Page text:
Connecting arts and academics

New Camas High School program blends science, English and art classes

o To learn about the Integrated Arts and Academics program at CHS, visit www.artsandacademics.blogspot.com.

o To learn about the Integrated Arts and Academics program at CHS, visit www.artsandacademics.blogspot.com.

Lydia Ross-Macleod has always been passionate about art in all of its forms.

“I love expressing myself through the different mediums,” the Camas High School freshman said.

So, when she heard about a new program at CHS this year that combined the core subjects of science, English and art, Ross-Macleod jumped at the opportunity to participate.

“I was really excited about finding a program like this,” she said. “Our projects integrate all of those subjects into one thing. The students are in all of the classes together, so we really get to know people better. This makes it much easier in school.”

The Integrated Arts and Academics magnet program is the brainchild of art teacher Gina Mariotti Shapard, who taught at the Vancouver School of Arts and Academics for seven years before coming to Camas.

It began in September with 45 students.

“I thought it would be good to try that model on a smaller level here,” she said. “I really missed the collaboration and advocacy for students, knowing them well and looking out for them.”

The purpose is to meet the academic needs of students whose learning style is best served by an arts-integrated curriculum centered on standards and arts based projects, and to provide them with varied experiences. Students are in a scheduled “block” consisting of three class periods that fulfill their academic requirements for ninth grade in Pre-Advanced placement English, physical science and fine arts (visual and performing).

Class work emphasizes shared concepts and themes among these subjects, and addresses Common Core Standards. Students have plenty of opportunities to use their hands and be creative. They do not need to audition, present a portfolio or have highly-developed talent in order to enroll.

After extensive research, Mariotti Shapard discovered that only a few high schools in the country are integrating arts into their programs, so she was left without a model to follow. But ultimately, students inspired her to keep trying.

“I was talking to a student once who said she hated school,” Mariotti Shapard recalled. “I thought that was sad because she had good grades. She told me her education felt meaningless, but here (in art class) she felt like it actually meant something. I could see a difference in her, she was calm and happy.”

English teacher Ruhiyyih Wittwer was eager to participate in the new magnet program.

“Gina and I would talk about what we were doing in our classes, and I had this ‘ah-ha’ moment where I wished we had the same students and could help the same kids. When Gina talked to me about the magnet program, I was like, ‘sign me up.'”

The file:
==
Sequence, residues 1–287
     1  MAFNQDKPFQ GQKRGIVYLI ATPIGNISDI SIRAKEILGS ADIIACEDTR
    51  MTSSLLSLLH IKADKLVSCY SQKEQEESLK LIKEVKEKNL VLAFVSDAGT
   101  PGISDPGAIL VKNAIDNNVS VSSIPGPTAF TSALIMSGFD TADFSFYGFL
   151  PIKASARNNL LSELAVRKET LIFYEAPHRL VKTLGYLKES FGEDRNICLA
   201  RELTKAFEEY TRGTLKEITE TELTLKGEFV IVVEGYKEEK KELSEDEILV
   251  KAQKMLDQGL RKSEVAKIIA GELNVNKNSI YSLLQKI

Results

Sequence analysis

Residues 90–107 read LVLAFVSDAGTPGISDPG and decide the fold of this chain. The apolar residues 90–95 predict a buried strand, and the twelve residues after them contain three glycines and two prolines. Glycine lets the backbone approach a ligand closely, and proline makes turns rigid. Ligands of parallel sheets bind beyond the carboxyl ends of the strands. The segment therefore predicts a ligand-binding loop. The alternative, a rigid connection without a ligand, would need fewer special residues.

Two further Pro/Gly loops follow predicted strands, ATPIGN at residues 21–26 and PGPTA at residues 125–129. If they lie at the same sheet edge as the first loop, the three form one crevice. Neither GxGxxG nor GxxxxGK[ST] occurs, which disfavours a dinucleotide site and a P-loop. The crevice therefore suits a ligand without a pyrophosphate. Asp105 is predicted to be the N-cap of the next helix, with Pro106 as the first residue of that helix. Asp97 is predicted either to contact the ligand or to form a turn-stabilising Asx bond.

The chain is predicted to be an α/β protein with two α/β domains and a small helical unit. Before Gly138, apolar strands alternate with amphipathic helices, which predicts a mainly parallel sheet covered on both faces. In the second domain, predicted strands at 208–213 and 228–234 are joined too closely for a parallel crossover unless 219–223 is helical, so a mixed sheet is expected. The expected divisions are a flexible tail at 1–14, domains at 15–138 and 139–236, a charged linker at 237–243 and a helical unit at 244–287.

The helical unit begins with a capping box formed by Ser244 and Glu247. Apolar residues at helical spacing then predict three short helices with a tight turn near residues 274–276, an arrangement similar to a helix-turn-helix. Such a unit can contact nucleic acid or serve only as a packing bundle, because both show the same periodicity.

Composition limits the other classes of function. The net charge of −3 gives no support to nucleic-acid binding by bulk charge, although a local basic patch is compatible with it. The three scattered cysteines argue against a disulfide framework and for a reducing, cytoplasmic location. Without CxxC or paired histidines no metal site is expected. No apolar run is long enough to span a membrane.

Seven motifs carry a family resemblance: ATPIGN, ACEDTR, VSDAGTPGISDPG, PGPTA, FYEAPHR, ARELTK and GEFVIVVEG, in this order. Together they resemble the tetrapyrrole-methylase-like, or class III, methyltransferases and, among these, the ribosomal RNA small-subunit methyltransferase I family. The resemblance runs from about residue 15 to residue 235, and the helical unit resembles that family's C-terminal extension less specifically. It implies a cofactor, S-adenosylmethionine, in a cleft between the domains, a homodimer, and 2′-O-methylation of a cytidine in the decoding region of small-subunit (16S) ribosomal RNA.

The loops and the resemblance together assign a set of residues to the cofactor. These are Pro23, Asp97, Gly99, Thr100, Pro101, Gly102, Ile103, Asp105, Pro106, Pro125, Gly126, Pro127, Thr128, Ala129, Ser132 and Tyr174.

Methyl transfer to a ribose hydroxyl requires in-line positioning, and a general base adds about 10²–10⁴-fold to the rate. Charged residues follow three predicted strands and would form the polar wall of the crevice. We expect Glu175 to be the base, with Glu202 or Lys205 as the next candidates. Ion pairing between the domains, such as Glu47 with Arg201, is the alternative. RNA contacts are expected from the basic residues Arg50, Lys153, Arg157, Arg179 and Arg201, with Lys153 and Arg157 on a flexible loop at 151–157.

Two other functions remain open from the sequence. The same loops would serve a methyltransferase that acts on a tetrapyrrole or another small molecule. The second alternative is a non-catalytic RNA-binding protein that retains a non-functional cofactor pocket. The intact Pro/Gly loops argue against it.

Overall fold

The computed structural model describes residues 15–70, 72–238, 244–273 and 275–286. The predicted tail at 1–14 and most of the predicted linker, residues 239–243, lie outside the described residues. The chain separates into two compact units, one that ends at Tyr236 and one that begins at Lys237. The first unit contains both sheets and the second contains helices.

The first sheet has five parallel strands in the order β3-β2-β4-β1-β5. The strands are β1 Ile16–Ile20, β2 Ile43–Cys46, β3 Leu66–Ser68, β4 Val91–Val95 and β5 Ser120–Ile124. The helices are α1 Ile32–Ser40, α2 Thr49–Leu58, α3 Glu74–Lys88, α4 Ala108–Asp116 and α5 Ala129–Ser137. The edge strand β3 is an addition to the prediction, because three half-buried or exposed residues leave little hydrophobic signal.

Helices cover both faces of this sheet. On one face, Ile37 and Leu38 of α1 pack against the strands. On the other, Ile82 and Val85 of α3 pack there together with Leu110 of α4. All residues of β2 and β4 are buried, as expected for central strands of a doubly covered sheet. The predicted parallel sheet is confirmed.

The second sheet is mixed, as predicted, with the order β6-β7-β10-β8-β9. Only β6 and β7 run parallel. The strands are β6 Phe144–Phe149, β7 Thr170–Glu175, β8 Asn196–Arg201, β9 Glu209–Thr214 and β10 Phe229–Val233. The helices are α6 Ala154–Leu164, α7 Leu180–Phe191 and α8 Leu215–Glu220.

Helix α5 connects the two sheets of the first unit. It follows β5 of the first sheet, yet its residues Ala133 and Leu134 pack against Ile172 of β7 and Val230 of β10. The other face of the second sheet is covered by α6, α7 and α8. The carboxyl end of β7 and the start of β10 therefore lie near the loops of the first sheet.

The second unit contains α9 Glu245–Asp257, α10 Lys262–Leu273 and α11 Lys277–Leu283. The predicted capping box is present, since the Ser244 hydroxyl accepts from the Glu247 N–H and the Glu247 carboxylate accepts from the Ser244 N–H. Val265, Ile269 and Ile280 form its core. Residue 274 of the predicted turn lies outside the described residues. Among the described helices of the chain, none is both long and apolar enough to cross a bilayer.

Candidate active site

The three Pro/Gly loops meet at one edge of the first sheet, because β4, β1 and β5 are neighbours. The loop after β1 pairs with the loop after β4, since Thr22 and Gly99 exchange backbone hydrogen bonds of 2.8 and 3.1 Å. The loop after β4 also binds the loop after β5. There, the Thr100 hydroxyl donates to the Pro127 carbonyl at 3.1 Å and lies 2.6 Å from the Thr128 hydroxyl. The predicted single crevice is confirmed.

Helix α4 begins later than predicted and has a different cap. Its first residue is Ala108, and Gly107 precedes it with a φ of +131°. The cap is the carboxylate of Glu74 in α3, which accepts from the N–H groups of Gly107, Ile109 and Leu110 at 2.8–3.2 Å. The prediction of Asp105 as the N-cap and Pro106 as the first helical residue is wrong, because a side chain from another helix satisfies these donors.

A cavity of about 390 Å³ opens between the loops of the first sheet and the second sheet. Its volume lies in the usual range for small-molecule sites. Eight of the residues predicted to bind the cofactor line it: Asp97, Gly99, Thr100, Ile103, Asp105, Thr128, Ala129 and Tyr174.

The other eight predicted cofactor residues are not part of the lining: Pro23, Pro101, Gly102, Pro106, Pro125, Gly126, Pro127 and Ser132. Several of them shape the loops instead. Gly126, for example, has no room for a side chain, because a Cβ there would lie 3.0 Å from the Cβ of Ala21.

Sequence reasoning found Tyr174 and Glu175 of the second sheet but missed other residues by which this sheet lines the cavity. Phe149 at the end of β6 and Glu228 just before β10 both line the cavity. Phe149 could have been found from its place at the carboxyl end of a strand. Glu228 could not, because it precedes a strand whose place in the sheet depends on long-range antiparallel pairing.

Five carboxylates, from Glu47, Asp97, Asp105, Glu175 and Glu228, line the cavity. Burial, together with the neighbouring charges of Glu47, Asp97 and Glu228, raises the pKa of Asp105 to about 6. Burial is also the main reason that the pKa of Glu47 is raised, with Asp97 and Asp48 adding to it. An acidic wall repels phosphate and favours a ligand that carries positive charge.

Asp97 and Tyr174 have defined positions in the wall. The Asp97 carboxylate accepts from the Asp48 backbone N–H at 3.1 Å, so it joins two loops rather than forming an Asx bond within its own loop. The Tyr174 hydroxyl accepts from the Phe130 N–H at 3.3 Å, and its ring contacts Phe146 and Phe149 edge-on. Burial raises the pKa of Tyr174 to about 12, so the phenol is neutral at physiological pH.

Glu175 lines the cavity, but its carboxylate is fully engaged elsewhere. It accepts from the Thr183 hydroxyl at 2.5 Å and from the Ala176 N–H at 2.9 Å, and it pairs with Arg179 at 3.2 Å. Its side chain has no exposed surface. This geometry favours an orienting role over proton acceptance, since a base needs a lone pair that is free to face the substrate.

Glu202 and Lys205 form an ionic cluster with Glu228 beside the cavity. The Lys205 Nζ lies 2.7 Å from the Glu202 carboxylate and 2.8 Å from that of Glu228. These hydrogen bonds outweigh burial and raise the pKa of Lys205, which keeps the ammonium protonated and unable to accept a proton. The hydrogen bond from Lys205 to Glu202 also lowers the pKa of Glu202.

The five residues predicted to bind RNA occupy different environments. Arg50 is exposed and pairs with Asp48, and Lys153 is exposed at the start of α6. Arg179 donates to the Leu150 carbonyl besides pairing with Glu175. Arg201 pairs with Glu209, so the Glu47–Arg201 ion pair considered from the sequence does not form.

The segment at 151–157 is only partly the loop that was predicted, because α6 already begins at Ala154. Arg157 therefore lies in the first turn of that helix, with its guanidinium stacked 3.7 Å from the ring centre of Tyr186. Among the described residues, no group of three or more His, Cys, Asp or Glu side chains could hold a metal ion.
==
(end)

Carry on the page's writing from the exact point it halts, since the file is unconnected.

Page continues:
Science teacher Jennifer Johnson joined the effort shortly after being hired at the high school this past summer. Previously, she was a substitute teacher for eight years and organized productions for the New Blue Parrot Theater.

She also teaches voice and piano lessons privately.

“We interviewed Jen and thought she was a perfect fit,” Mariotti Shapard said. “She has a passion for arts and science, and sees how they go together.”

It has been a learning process as the three educators develop curriculum which ties the three subjects together and also meets Common Core Standards.

Some of this has been made easier with a grant from the Camas Educational Foundation.

“Since I am a visual arts teacher, having professional artists work with our students is a necessary component of my class, and we can host performing artists as well in dance, theater, music and film,” Mariotti Shapard said.

Johnson noted that the individualized nature of the IAA program is one of its greatest strengths.

“It focuses on individual students,” Johnson said. “It is a challenge to combine art and science, but it helps to collaborate with fellow teachers. We spend our Tuesday and Thursday prep periods together and did a lot of research during the summer.”

Noted Wittwer, “We are always connecting and collaborating. On the social side, the kids have bonded really well and seem to be working well together.”

On a recent Thursday, students in Wittwer’s pre-AP English class created a map where they needed to find text evidence from a short story to support their conclusions, a Common Core Standard. Art was incorporated by shading the map with secondary colors using only primary color pencils.

Student Alex Neal’s parents are both artists and encouraged him to enroll in the IAA program. “I think this is definitely interesting,” he said. “It’s a new, more dynamic way of learning. It’s a lot different than my other classes in school.”

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